Stiff to defend their hospitable laws.
The French are open, familiar, and talkative; the Italians stiff , ceremonious, and reserved. Addison. 6. Harsh; disagreeable; severe; hard to bear.
[ Obsolete or Colloq.] "This is stiff
news." Shak. 7. (Nautical) Bearing a press of canvas without careening much; as, a stiff vessel; -- opposed to crank . Totten. 8. Very large, strong, or costly; powerful; as, a stiff charge; a stiff price.
[ Slang] Stiff neck
, a condition of the neck such that the head can not be moved without difficulty and pain. Syn.
-- Rigid; inflexible; strong; hardly; stubborn; obstinate; pertinacious; harsh; formal; constrained; affected; starched; rigorous.
Stiff-backed adjective Obstinate. J. H. Newman.
Stiff-hearted adjective [ Stiff + heart .] Obstinate; stubborn; contumacious. Ezek. ii. 4.
Stiff-necked adjective Stubborn; inflexibly obstinate; contumacious; as, stiff-necked pride; a stiff-necked people. Ex. xxxii. 9.
Stiff-neckedness noun The quality or state of being stiff-necked; stubbornness.
Stiff-tailed adjective (Zoology) Having the quill feathers of the tail somewhat rigid.
Stiffen transitive verb
[ imperfect & past participle Stiffened
; present participle & verbal noun Stiffening
.] [ See Stiff
.] 1. To make stiff; to make less pliant or flexible; as, to stiffen cloth with starch.
Stiffen the sinews, summon up the blood. Shak. 2. To inspissate; to make more thick or viscous; as, to stiffen paste. 3. To make torpid; to benumb.
Stiffen intransitive verb To become stiff or stiffer, in any sense of the adjective.
Like bristles rose my stiffening hair. Dryden.
The tender soil then stiffening by degrees. Dryden.
Some souls we see, Dryden.
Grow hard and stiffen with adversity.
Stiffener noun One who, or that which, stiffens anything, as a piece of stiff cloth in a cravat.
Stiffening noun Stiffening order (Com.) , a permission granted by the customs department to take cargo or ballast on board before the old cargo is out, in order to steady the ship.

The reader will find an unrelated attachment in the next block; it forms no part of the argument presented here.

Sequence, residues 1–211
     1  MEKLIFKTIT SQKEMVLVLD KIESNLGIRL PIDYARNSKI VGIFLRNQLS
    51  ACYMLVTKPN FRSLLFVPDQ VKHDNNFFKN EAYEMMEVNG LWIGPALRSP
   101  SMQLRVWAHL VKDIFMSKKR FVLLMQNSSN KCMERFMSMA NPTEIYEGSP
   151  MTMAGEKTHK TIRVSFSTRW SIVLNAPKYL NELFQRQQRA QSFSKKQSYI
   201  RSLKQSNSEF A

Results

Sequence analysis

1. Act or process of making stiff. 2. Something used to make anything stiff.
Stiffish adjective Somewhat stiff.
Stiffly adverb In a stiff manner.
Stiffness noun The quality or state of being stiff; as, the stiffness of cloth or of paste; stiffness of manner; stiffness of character.
The vices of old age have the stiffness of it too. South.
Stifftail noun The ruddy duck. [ Local, U.S.]
[ From Stiff
.] (Far.) The joint next above the hock, and near the flank, in the hind leg of the horse and allied animals; the joint corresponding to the knee in man; -- called also stifle joint . See Illust. under Horse . Stifle bone
, a small bone at the stifle joint; the patella, or kneepan.
Stifle transitive verb
[ imperfect & past participle Stifled
; present participle & verbal noun Stifling
.] [ Freq. of Middle English stif
stiff; confer Icelandic stīfla
to dam up.] 1. To stop the breath of by crowding something into the windpipe, or introducing an irrespirable substance into the lungs; to choke; to suffocate; to cause the death of by such means; as, to stifle one with smoke or dust.
Stifled with kisses, a sweet death he dies. Dryden.
I took my leave, being half stifled with the closeness of the room. Swift. 2. To stop; to extinguish; to deaden; to quench; as, to stifle the breath; to stifle a fire or flame.
Bodies . . . stifle in themselves the rays which they do not reflect or transmit. Sir I. Newton. 3. To suppress the manifestation or report of; to smother; to conceal from public knowledge; as, to stifle a story; to stifle passion.
I desire only to have things fairly represented as they really are; no evidence smothered or stifled . Waterland.
Stifle intransitive verb To die by reason of obstruction of the breath, or because some noxious substance prevents respiration.
You shall stifle in your own report. Shak.
Stifled adjective Stifling.
The close and stifled study. Hawthorne.
Stifler noun 1. One who, or that which, stifles. 2. (Mil.) See Camouflet .
, Latin Stigmata
. [ Latin , a mark, a brand, from Greek ..., ..., the prick or mark of a pointed instrument, a spot, mark, from ... to prick, to brand. See Stick
, transitive verb
] 1. A mark made with a burning iron; a brand. 2. Any mark of infamy or disgrace; sign of moral blemish; stain or reproach caused by dishonorable conduct; reproachful characterization.
The blackest stigma that can be fastened upon him. Bp. Hall.